Retirement village giants have vowed “improvements” to the sector after a Government minister, a commission and Consumer NZ called for change.
Graham Wilkinson, president of the Retirement Village Association – the giants’ lobby group – today announced changes to the complaints system and the length of payback time once people die or go into different village properties, like a hospital.
At the association’s national conference in Auckland, Wilkinson cited “providing residents with a stronger voice, strengthening the complaints process and working with the Commission for Financial Capability to monitor re-licensing times”.
His announcement comes after Associate Housing Minister Poto Williams called for the industry to clean itself up, offering clearer contracts and a better complaints system.
The association’s statement follows a White Paper issued by the commission examining areas where the sector could make big improvements.
Consumer NZ has also called for major changes, saying terms and operations are not transparent or fair for some.
Yesterday, Williams said: “There are some changes the industry could start to make themselves around strengthening the complaints processes and reviewing contracts to ensure residents are fairly treated.”
Wilkinson announced that the retirement village sector had launched a comprehensive blueprint for a range of improvements to the industry.
“The association will also explore establishing an ombudsman to hear and resolve complaints and invite an independent member of the public to sit on its executive to represent residents’ interests,” a statement out today said.
The ombudsman would be industry funded, like in the insurance and banking industries.
Retired High Court judge John Priestly QC is already the independent chair of the association’s separate disciplinary authority to look at complaints about egregious operator behaviour.
But Wilkinson today said the association had not yet decided who the new ombudsman should be.
“We accept there is always room for improvement and refinement around certain practices as our sector and our offering evolves. This blueprint sets out the tangible and definitive steps we will be taking to achieve that goal,” said Wilkinson, who owns 100 per cent of national retirement business Generus with villages in Auckland, Tauranga and Christchurch.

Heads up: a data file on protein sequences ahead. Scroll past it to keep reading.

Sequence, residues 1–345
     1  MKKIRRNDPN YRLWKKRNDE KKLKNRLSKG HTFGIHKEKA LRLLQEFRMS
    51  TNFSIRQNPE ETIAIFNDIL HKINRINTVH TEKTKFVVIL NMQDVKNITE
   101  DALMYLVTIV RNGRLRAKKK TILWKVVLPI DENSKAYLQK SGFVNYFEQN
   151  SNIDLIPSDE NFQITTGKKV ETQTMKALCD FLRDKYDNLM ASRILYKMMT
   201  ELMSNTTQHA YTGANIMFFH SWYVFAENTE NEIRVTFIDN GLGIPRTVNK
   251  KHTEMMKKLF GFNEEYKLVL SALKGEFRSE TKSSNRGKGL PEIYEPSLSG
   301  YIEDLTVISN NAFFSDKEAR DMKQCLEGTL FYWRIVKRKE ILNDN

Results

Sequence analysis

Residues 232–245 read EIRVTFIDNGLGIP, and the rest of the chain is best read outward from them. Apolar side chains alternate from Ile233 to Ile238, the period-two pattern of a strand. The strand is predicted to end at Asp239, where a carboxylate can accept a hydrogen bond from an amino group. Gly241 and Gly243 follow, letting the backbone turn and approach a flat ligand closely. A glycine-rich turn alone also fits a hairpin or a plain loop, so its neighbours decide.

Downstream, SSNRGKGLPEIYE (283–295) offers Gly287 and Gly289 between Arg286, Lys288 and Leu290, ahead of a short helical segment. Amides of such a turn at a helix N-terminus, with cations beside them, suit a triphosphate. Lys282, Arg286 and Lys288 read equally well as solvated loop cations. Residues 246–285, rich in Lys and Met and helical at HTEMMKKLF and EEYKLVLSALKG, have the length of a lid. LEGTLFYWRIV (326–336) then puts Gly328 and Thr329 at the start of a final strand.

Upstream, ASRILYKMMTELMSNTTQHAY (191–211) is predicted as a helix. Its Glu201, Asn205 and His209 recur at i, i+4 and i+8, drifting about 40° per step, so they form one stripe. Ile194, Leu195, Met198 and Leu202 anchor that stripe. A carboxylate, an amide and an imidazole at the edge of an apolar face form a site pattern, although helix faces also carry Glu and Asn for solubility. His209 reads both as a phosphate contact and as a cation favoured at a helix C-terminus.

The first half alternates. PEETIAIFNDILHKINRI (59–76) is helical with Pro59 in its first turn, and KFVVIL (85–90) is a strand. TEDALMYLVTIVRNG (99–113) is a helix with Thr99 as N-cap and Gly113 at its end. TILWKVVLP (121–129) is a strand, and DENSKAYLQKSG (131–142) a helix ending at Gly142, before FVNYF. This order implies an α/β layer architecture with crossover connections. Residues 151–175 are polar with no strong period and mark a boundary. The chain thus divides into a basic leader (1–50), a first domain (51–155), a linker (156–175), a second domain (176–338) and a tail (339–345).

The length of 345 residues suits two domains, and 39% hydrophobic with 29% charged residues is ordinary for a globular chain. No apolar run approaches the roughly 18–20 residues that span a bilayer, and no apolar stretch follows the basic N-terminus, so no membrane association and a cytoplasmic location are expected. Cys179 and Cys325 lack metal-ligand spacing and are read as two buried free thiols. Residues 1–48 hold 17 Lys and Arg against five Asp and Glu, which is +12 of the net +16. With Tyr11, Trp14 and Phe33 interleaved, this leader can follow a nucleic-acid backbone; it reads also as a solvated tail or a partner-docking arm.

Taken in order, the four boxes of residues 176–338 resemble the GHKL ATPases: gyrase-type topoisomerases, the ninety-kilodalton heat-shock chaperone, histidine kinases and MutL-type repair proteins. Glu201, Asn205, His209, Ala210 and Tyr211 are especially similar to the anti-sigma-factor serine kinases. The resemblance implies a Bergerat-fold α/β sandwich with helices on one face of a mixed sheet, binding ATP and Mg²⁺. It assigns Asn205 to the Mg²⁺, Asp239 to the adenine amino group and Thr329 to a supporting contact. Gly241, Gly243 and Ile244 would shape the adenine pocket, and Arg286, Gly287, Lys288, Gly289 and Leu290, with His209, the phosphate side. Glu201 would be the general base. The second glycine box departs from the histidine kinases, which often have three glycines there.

“There is a role for continuously education operators and residents about the re-licensing process and to encourage best practice including dealing with potential drawn-out re-licensing times,” he said.
He was referring to the length of time it takes to pay out families and beneficiaries of estates once a retirement village resident dies.
Not only do villages often keep the money for months after a death, or when someone goes from a villa to the hospital, but they also charge weekly fees following death.
That leads to complaints from families owed the money.
Villages also have a conflict of interest: those expanding their buildings have an interest in selling new rather than established, sold places, so families have to wait even longer.
“The blueprint sets out plans to review occupation rights agreements to address any perceived unfair terms or confusing clauses and ensure clarity around what the resident and operator are responsible for, in particular repairs, maintenance and replacement of operator-owned chattels,” Wilkinson said.
Stoves or heat pumps that break down, for example, are not owned by residents who only have a licence, not a title to the property. Yet operators force them to repair these fixed chattels.
Wilkinson’s opening conference speech said “the best way to show that there is nothing to see here is to show that there is nothing to see here”.
He also referred to the recent resignation of company chief executives: Ryman’s Gordon MacLeod, Arvida’s Bill McDonald, Metlifecare’s Glen Sowry and Summerset’s Julian Cook.
The sector was in a “golden age” with around 100 Kiwis every week moving into villages.
But this was changing: “The RVA executive is now considering and will shortly consult with members on issues that are clearly ones that both residents and regulators would like to see some action over.
“These include charging fees after exit, although this once-common practice is now a minority,” Wilkinson said.
Dealing with operators’ chattels and re-licensing times were other issues, he said.
Retirement village consultant Troy Churton, also at the conference, wrote the commission’s White Paper.
That recommends stronger protection for the population which real estate agents and property consultants JLL estimate number at least 45,000 New Zealanders, with a further 12,000 places now under construction.
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